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The Year in Music

There are times in your life when you will read or watch something, stop for a moment, and think to yourself: "This is truth. This is gospel, right here." For some, it may have been the first time you read the Bible, the Tanakh, or the Koran. For others, it could have been when you read self-help books such as The 7 Habits of Highly Effective People, or Chicken Soup for the Soul. Still, for others, it's going to be this blog post right here.

The truth is, dear reader, that 1993 was the best year for music. Full-stop. Some of you already know this. For others, it will be a revelation. Please, allow me to explain. Following are some of the albums released in 1993, with a bit of commentary from yours truly. During or after reading this, I think you'll agree that there's really no question anymore that 1993 was king.

Ok, here we go.


Bee Gees / Size Isn't Everything

A lot of folks think of 1970's disco when they think of the Bee Gees. I tend to think more of this wonderful album, and the two that followed it in 1997 and 2001. This definitely ranks in my Top 3 favorite albums - ever. The lead single, Paying the Price of Love, is a strong, if kinda campy classic. 

Bjork / Debut

Released in July of 1993, this solid album by the queen of quirkiness features such notable tracks as Human Behaviour, Venus as a Boy and Big Time Sensuality.

Blur / Modern Life is Rubbish

Another step toward their zenith (which I consider to be the 1994 and 1995 albums Parklife and The Great Escape, respectively), Modern Life is Rubbish is nevertheless a solid release.

The Breeders / Last Splash

One word: Cannonball

Mariah Carey / Music Box

Released in August of 1993, this album spawned several hits, including Dreamlover, Hero, Anytime You Need a Friend, and Without You.

Counting Crows / August and Everything After

Though it pains me to include it, there's no denying that this was a big, successful album of the '90s, featuring hit songs Mr. Jones and Round Here.

The Cranberries / Everybody Else Is Doing It, So Why Can't We?

Dreams and Linger, yo. Dreams and Linger.

Sheryl Crow / Tuesday Night Music Club

It wouldn't be a list of '90s music without an appearance by Sheryl Crow. Her brand of folksy rock music was big then, and this album featured the hits All I Wanna Do, Strong Enough and Leaving Las Vegas.

PJ Harvey / Rid of Me

More of a full-album experience, it's hard to deny this October 1993 release, with its iconic cover photo of the whipped hair, was a standout of the 1990s.

Janet Jackson / janet.

Do you have time to look at all the hit singles that were from this album?  We've got That's the Way Love Goes, Again, You Want This, If, Throb, Anytime Anyplace, Where Are You Now? and Because of Love. I mean, damn.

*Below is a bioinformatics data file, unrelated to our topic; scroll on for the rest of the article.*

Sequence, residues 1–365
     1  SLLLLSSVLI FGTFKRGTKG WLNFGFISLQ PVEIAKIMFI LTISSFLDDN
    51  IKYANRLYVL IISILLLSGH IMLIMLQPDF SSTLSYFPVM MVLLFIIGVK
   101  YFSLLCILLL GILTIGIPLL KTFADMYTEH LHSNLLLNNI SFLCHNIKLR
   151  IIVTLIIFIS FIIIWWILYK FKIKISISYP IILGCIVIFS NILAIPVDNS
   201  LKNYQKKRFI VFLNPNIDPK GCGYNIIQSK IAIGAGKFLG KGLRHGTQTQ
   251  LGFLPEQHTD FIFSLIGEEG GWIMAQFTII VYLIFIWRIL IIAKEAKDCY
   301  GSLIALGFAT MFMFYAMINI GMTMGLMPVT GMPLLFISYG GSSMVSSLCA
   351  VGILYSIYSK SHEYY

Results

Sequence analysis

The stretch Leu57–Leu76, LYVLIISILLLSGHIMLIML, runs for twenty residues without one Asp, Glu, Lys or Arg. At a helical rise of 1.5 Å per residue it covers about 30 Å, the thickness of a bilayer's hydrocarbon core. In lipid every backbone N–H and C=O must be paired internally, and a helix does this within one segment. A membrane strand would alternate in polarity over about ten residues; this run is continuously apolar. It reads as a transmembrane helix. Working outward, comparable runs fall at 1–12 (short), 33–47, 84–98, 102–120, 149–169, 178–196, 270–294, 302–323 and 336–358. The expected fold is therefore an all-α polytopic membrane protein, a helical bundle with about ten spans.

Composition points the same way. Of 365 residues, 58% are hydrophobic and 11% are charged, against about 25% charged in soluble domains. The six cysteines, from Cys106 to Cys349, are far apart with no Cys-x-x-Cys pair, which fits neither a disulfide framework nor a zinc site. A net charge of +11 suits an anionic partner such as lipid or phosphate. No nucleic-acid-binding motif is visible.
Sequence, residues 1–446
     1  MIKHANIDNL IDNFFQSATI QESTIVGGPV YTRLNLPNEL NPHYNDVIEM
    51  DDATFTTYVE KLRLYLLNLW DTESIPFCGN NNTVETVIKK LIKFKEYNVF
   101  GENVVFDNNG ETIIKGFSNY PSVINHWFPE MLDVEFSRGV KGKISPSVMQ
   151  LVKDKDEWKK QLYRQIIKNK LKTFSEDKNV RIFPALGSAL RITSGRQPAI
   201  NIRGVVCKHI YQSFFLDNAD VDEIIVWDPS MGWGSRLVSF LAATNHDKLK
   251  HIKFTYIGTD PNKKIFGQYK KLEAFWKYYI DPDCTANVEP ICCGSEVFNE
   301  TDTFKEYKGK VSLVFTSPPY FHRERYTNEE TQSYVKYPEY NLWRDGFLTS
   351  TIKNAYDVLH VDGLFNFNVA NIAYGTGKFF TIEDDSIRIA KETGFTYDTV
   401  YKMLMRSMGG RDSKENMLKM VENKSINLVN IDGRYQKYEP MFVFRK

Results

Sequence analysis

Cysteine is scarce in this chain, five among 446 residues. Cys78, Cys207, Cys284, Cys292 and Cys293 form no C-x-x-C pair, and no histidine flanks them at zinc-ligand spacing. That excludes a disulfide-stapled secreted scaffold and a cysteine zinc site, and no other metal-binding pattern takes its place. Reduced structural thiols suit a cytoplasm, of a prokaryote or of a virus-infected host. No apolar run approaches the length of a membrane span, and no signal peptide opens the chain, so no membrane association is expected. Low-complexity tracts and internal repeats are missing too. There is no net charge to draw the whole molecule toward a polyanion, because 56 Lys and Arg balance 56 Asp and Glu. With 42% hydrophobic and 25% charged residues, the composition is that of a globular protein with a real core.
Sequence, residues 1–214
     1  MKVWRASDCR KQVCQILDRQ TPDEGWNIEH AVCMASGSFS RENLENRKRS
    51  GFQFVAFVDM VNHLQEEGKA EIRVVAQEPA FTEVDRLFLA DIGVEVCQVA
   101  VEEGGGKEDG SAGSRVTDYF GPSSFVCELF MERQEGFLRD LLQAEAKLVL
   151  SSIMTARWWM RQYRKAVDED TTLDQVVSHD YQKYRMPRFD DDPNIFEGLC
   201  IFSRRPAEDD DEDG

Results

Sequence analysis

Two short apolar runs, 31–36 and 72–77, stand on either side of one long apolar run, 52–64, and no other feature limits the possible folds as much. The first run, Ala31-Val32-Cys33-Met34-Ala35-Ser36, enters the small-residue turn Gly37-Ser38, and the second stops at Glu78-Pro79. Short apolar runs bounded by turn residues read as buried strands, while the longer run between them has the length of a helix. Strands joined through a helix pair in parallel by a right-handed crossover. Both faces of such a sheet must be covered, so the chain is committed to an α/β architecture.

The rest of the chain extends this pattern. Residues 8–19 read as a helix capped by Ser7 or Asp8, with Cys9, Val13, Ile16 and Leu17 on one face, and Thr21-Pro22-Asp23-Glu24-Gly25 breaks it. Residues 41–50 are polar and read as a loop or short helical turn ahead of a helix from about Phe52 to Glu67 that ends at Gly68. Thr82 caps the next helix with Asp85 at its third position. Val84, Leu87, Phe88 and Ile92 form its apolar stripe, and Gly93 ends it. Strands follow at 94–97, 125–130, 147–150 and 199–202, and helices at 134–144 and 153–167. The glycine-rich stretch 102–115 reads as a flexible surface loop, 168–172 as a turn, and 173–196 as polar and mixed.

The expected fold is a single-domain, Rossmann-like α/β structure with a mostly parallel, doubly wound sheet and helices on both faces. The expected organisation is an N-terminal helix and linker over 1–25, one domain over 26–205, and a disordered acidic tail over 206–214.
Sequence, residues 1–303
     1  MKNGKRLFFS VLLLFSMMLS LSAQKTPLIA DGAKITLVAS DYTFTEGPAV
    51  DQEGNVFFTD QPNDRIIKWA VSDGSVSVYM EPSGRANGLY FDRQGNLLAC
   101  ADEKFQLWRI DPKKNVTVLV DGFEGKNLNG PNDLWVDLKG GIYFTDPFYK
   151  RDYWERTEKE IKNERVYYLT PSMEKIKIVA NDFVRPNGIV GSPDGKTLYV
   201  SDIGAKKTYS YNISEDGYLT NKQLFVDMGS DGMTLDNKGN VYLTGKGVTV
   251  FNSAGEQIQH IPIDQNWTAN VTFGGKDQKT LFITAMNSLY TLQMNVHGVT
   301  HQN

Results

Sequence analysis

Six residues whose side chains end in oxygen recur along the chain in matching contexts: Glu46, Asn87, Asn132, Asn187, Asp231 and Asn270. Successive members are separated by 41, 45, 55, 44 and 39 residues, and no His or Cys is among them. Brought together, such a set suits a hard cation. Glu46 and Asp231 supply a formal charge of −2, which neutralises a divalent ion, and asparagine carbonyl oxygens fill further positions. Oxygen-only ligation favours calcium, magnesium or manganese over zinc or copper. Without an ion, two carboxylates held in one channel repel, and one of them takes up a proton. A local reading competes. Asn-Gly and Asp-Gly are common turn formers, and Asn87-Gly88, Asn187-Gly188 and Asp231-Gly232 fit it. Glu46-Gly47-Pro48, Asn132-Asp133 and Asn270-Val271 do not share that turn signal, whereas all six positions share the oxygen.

Sarah McLachlan / Fumbling Towards Ecstasy

All right, this is tricky. Technically, this album debuted in Canada in 1993, although it didn't have a proper U.S. release until early 1994. I'm going with the Canadian date, because this is the one that put Sarah on the map. It deserves to be listed here for Possession, alone.

New Order / Republic

Released in May of 1993, Republic stands as my favorite New Order album, along with having my favorite New Order song (Times Change). It's known for its hit single Regret, and the songs Spooky, World and Ruined In a Day. Great stuff.

Nirvana / In Utero

Their last (and perhaps greatest?) album, In Utero was a strong, searing release for the band to go out on. All Apologies and Heart-Shaped Box are prime Nirvana.

Pet Shop Boys / Very

My favorite album of all-time has to get a mention here. Filled with poppy, bouncy songs about love, longing, sadness and exuberance, this marks one of those turning points in my appreciation of music. It also features my favorite song by the Pet Shop Boys, A Different Point of View. This album never gets old.

Liz Phair / Exile in Guyville

I hear the chicks dug this, Ms. Phair's debut album. Can't deny it was big news back in the day.

Radiohead / Pablo Honey

Creep, anyone?

Salt-n-Pepa / Very Necessary

Female R&B groups have enjoyed a nice reception for decades, and in the 1980s and 1990s, Salt-n-Pepa was one of them. This seminal album features the classics Shoop, Whatta Man and None of Your Business.

Tupac Shakur / Strictly 4 My Niggaz

Released in February 1993, this was a big album for the late rapper, and included one of my favorites of his, Keep Ya Head Up.

Snoop Dogg / Doggystyle

I've never been hugely into rap music, but sometimes a rap album comes along that I simply can't resist. Such was Snoop's 1993 solo debut. I mean, you've got What's My Name? and Gin and Juice. Who can resist those ditties?

U2 / Zooropa

I know that a lot of folks think that Zooropa was kind of the beginning of the end for U2, but it's actually what got me to sit up and take notice of them. It's good stuff.

Wu-Tang Clan / Enter the Wu-Tang (36 Chambers)



So, I mean, the case is made. Surely you see the light now? 1993 was the best year for music. 'nuff said.


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